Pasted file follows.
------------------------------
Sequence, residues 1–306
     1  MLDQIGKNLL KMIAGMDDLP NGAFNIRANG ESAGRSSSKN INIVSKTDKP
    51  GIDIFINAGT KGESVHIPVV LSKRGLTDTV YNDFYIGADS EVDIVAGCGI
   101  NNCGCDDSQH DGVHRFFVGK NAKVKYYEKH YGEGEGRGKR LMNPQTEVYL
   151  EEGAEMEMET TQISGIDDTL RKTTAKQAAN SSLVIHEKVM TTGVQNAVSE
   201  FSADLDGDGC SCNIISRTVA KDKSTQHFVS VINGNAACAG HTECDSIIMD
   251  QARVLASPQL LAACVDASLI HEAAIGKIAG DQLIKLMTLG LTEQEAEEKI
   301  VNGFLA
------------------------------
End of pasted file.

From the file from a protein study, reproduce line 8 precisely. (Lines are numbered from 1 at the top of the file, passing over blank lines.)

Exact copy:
   301  VNGFLA